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Leaving No One Behind: ASEAN 50th birthday symposium to highlight strategies and opportunities to improve lives across region

BANGKOK, 28th September 2017 - Senior officials from ASEAN Member States and regional experts will this week look at how to boost progress towards achieving the Sustainable Development Goals (SDGs) at the ASEAN-UNICEF Symposium on “Leaving No One Behind”, in commemoration of ASEAN’s 50th Anniversary. The event, hosted by the Ministry of Social Development and Human Security, Thailand on 28-29th September in Bangkok, will highlight the importance of investing in data and improving public finances to secure future prosperities for all.

“The Government of Thailand is proud to host this event 50 years after ASEAN was established here in Bangkok,” said Police General Adul Sangsingkeo, Minister of Social Development and Human Security. “Since then we have seen rapid growth in ASEAN countries. This meeting will help chart a course to ensure that the member states continue to develop further while no one is left behind.”

The vast majority of investments in social services for children and their families in ASEAN member states are funded by national governments. Therefore, how these funds are prioritised to support those most in need is crucial in realising the SDGs as well as the ASEAN Vision 2025.

In the Philippines, the government has made significant investments in social services for children and their families.  This includes the large-scale Pantawid Pamilya Pilipino Program (4Ps), a conditional cash transfer program that seeks to improve the human development outcomes for around 4.4 million poor households with more than 10 million children beneficiaries. Despite the increasing investments in other social services, deprivations continue to persist particularly for children and their families in geographically isolated areas and vulnerable groups such as indigenous children and children with disabilities.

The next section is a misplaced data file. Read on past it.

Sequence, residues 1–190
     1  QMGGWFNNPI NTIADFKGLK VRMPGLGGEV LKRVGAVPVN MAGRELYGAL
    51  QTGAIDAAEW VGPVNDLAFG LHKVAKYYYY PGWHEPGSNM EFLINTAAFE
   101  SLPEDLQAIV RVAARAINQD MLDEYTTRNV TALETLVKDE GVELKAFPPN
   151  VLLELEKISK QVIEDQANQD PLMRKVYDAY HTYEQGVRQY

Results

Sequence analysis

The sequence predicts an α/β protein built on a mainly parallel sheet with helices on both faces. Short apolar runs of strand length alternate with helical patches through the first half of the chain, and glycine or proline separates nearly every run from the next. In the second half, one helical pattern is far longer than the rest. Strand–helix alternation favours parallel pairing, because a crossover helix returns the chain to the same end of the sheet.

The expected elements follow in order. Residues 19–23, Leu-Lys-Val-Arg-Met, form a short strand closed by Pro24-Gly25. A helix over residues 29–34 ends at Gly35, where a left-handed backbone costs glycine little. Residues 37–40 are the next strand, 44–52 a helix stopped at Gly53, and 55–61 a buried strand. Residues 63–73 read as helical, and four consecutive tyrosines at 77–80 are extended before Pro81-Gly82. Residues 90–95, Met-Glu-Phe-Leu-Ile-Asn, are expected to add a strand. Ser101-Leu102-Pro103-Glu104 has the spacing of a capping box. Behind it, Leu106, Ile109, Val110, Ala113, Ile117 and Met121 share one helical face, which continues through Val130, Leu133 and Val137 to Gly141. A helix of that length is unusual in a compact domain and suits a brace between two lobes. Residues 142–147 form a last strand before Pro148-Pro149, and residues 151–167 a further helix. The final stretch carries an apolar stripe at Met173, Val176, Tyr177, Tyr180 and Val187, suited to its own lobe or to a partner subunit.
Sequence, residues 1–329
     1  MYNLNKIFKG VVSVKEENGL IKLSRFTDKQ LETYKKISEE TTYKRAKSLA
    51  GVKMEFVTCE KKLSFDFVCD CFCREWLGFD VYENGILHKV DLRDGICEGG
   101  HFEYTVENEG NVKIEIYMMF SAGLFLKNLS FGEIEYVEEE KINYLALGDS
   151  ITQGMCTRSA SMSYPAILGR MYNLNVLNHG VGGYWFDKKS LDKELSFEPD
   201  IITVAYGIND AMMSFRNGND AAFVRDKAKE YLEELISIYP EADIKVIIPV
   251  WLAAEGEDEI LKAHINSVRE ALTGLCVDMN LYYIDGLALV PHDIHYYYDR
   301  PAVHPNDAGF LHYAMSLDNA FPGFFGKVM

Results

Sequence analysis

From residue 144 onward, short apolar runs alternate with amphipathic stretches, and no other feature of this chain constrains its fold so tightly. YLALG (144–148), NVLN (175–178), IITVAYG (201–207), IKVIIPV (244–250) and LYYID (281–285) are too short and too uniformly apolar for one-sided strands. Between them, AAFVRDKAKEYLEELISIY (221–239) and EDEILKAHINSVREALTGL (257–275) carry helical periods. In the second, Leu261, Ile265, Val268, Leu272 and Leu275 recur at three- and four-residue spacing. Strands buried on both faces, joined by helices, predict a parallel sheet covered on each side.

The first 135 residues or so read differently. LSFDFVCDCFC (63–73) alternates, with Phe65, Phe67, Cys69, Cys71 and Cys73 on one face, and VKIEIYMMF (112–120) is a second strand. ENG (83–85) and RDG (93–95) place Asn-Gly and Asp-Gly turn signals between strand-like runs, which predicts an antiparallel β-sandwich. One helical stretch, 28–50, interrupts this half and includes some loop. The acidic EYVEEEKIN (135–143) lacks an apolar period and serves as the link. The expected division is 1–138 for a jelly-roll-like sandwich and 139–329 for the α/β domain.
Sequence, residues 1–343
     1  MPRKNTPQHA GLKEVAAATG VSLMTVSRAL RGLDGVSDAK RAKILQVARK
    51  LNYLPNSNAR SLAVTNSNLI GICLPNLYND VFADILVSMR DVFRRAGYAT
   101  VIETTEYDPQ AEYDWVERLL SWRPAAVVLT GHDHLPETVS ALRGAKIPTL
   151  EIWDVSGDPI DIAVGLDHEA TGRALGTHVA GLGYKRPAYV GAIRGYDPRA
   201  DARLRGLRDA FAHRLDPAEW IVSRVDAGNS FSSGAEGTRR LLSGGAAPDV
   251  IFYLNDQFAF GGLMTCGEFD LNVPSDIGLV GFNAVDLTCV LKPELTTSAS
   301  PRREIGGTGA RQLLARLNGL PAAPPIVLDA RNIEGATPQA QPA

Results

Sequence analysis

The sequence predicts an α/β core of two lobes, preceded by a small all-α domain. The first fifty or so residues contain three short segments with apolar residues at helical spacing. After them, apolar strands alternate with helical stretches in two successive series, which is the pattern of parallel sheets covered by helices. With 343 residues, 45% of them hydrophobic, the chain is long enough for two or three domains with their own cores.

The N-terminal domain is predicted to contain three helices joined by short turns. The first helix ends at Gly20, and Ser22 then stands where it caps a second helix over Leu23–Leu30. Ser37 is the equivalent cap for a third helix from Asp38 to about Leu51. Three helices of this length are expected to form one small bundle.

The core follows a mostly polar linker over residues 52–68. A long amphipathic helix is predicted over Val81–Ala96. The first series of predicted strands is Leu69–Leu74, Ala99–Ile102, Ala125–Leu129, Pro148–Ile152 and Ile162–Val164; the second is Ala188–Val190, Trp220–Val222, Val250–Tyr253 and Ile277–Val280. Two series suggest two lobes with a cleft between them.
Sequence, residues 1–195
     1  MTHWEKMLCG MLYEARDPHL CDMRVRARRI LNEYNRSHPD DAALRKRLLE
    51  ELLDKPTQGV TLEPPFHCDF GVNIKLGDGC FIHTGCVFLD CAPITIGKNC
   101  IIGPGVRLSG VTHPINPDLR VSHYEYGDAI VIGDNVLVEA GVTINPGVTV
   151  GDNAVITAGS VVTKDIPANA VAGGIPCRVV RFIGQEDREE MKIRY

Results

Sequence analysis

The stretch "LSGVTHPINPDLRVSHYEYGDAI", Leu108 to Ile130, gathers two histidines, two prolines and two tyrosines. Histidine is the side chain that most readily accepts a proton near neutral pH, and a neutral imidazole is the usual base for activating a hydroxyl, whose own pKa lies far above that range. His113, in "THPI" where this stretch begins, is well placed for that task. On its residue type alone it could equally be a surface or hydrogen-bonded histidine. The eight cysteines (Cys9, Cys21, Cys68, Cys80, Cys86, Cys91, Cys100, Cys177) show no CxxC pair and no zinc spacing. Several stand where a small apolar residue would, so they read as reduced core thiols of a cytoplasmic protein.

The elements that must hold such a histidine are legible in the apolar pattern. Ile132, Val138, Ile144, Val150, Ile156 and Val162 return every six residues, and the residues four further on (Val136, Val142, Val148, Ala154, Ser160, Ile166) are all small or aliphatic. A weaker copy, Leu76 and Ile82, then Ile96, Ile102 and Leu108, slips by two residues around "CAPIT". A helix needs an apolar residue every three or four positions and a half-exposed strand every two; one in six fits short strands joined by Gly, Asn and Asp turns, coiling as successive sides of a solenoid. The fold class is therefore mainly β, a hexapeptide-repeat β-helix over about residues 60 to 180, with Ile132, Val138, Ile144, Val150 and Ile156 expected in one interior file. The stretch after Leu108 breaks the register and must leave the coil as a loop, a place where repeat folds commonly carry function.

“Promoting complementarities between the ASEAN Vision 2025 and the Sustainable Development Goals is high on the agenda of ASEAN,” said Mr. Lê Lương Minh, Secretary General of ASEAN. “The building of a people-centered and people-oriented ASEAN Community, with a focus on children, leverages on and complements the 17 goals of the SDGs while the achievement of the SDGs reinforces regional integration process in ASEAN.”

At the event, UNICEF will be guiding interactive discussions on how investing in children and families yields high returns both for individuals and for societies. UNICEF will highlight the need to continue investing in data in supporting the realisation of the goals. Increased investment in data will enable countries to have a better understandings on development gaps and where investments can be channeled to assist those in need.

“Investing in children and young people is central to achieving all aspects of sustainable development and ASEAN 2025,” said Ms. Wivina Belmonte, Deputy Director at UNICEF East Asia and Pacific. “This vision for a better future can only be achieved if we carefully measure our progress by investing time and resources into collecting quality data, to contribute to better policy choices. A UNICEF study released earlier this year showed that, for over half of child related SDG indicators, availability of data is either limited or poor. It’s not that data isn’t being collected, it’s that the universal nature of the SDGs and Vision 2025 calls for disaggregated data to make sure that in leaving no one behind, all children are counted and that all children count.”

In the Philippines, there are significant challenges in collecting, collating and analyzing data on children. For example, there is dearth of data on vulnerable children including indigenous children, children with disabilities, children displaced due to emergencies, and reporting mechanisms on incidents of violence against children. There is also significant data gaps on young and adolescent children that could inform focused policy planning to aid their growth and development.

“Lack of data on children inhibits any effective equity analysis and targeted policy and programme development towards the most deprived and disadvantaged. Not having comprehensive data allows for continued discrimination and lack of service delivery,” says UNICEF Philippines Representative Lotta Sylwander.

A study, which provides comprehensive assessment of the impact of ASEAN integration on child rights, will also be launched by UNICEF on the second day of the event. The study offers insights into opportunities and risks stemming from the integration and puts forward recommendations on how opportunities can be expanded for future generations.

A series of engaging sessions will be taking place over the two days to focus on issues pertinent to the development and wellbeing of children across the region, such as social protection, ending violence against women and children, human trafficking, health, nutrition, as well as water and sanitation, education, and sustainable environments.

 

 
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